Second Battle of Chuenpee

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Second Battle of Chuenpee
Part of the First Opium War
British forces advancing in Chuenpee
Date 7 January 1841
Location Bocca Tigris, Kwangtung, China
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Result British victory; Convention of Chuenpee
Charles Elliot declares cession of Hong Kong Island to the United Kingdom1

United Kingdom United Kingdom

Qing dynasty
Commanders and leaders
James Bremer Kuan T'ien-p'ei
12 ships,
1,500 troops2
15 ships,
2,000 troops2
Casualties and losses
None killed,
38 wounded
500–600 killed,
200–300 wounded,
11 junks destroyed,
191 pieces of ordnance captured
1 Cession formally ratified in the Treaty of Nanking (1842).
2 In the Chuenpee land force only.

The Second Battle of Chuenpee[nb 1] was fought between British and Chinese forces at the Bocca Tigris, China, on 7 January 1841 during the First Opium War, and led to the British capturing forts on the islands of Chuenpee and Tycocktow. Subsequent negotiations between British Plenipotentiary Charles Elliot and Chinese Imperial Commissioner Qishan resulted in the Convention of Chuenpee. As one of the terms of the agreement, Elliot demanded the cession of Hong Kong Island to the British Empire.


In October 1840, the Daoguang Emperor of the Qing dynasty fired Imperial Commissioner Lin Zexu and replaced him with Qishan.[1] British Foreign Secretary Lord Palmerston instructed Plenipotentiary Charles Elliot to have the ports of Canton, Amoy, Fuzhou, Ningpo, and Shanghai opened for trade; to acquire the cession of at least one island (or if the Chinese refused, the establishment of a secure English enclave on the mainland), and to secure compensation for confiscated opium as well as military costs incurred in China.[2][3] On 1 December 1840, Elliot wrote to Palmerston that these demands would be secured within ten days. Three days after the deadline, Elliot wrote to Governor-General of India Lord Auckland that he had failed to get the concessions, but still predicted success. He conceded to Auckland that any success would be "far short of the demands of the government."[2]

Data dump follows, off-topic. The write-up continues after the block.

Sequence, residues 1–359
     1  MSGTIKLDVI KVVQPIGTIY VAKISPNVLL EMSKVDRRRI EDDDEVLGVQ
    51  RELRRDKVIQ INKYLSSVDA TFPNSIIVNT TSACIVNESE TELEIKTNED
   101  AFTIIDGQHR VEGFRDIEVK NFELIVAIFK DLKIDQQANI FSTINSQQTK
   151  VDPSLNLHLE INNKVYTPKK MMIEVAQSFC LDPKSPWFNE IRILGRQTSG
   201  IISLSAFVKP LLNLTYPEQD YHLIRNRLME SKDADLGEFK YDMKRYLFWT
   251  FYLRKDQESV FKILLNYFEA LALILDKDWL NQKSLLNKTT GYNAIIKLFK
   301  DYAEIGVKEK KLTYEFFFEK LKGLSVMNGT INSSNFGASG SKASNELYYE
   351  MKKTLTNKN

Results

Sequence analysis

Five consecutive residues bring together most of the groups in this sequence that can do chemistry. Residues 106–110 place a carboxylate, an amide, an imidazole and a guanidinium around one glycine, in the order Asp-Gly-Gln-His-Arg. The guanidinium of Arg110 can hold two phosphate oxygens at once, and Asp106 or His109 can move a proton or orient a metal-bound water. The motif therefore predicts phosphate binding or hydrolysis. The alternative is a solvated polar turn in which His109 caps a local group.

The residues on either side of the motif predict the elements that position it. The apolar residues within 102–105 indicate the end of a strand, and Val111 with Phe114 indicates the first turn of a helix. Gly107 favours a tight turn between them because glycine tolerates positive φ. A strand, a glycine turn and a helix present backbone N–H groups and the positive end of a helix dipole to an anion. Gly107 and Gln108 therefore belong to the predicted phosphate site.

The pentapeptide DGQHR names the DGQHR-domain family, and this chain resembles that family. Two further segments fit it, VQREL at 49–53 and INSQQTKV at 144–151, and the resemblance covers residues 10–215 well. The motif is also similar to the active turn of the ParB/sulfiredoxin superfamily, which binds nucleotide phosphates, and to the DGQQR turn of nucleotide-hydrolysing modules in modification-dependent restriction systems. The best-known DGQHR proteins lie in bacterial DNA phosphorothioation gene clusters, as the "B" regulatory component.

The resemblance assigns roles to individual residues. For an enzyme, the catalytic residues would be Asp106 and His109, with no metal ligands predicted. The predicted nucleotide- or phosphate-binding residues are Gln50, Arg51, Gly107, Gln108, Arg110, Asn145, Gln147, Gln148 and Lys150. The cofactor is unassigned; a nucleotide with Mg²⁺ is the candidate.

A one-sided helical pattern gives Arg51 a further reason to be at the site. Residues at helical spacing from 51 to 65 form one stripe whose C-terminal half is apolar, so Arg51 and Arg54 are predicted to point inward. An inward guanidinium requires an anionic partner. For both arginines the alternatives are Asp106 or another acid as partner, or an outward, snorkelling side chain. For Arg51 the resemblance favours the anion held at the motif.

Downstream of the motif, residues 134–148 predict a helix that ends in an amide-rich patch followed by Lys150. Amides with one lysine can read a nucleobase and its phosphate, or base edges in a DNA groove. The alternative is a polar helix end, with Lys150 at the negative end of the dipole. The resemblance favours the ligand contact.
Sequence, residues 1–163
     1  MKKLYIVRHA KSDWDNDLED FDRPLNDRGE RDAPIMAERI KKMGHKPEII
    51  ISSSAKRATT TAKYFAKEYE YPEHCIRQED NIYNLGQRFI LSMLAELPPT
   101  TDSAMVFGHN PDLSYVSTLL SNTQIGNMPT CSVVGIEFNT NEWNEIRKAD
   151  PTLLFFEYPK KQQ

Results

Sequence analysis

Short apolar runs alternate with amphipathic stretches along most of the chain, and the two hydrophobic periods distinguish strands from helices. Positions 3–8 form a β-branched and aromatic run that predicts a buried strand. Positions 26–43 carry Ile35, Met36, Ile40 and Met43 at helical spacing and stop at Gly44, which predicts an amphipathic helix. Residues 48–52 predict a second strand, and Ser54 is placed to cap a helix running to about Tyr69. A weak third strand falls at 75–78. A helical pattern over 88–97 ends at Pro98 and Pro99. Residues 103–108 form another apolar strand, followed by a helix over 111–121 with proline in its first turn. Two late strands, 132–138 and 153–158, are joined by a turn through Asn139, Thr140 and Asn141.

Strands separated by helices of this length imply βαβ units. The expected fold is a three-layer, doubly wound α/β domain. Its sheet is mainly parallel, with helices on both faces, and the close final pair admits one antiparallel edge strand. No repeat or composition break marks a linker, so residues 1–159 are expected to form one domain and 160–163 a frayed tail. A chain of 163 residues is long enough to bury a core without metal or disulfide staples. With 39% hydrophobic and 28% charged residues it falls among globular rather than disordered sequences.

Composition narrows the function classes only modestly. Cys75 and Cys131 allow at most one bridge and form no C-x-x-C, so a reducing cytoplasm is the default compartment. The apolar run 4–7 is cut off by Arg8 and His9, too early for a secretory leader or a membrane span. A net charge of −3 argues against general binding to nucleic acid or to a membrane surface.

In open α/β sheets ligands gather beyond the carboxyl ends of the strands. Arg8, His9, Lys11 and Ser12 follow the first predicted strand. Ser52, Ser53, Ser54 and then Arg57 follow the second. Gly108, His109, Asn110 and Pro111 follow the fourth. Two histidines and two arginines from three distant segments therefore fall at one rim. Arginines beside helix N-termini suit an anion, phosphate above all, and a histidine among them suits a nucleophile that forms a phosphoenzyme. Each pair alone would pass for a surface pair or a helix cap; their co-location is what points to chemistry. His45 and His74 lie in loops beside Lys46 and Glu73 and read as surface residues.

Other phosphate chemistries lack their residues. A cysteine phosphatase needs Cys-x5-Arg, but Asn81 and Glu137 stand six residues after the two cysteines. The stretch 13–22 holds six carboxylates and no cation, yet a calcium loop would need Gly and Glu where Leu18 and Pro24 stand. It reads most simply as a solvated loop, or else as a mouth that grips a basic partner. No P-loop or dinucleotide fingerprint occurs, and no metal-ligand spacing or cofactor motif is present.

In negotiations with Qishan, Elliot wanted $7 million over a period of six years and the surrender of Amoy and Chusan as permanent British possessions. Qishan offered $5 million over twelve years, so they agreed to $6 million.[2] However, Qishan refused Elliot's territorial demands. Elliot countered with an offer to abandon Chusan (which the British captured in July 1840) and for another port to be chosen later in its place. After Qishan's rejection of this offer, Elliot told him, "There are very large forces collected here, and delays must breed amongst them a very great impatience."[4] The year passed with no final settlements. An opium clipper that subsequently sailed into Canton brought with it a rumour that the emperor had decided to wage war. On 5 January 1841, Elliot prepared for an attack on Canton, informing Qishan that an attack would commence in two days if agreement could not be reached.[4] He allowed Commodore James Bremer, commander-in-chief of the British forces, to make offensive operations.[5]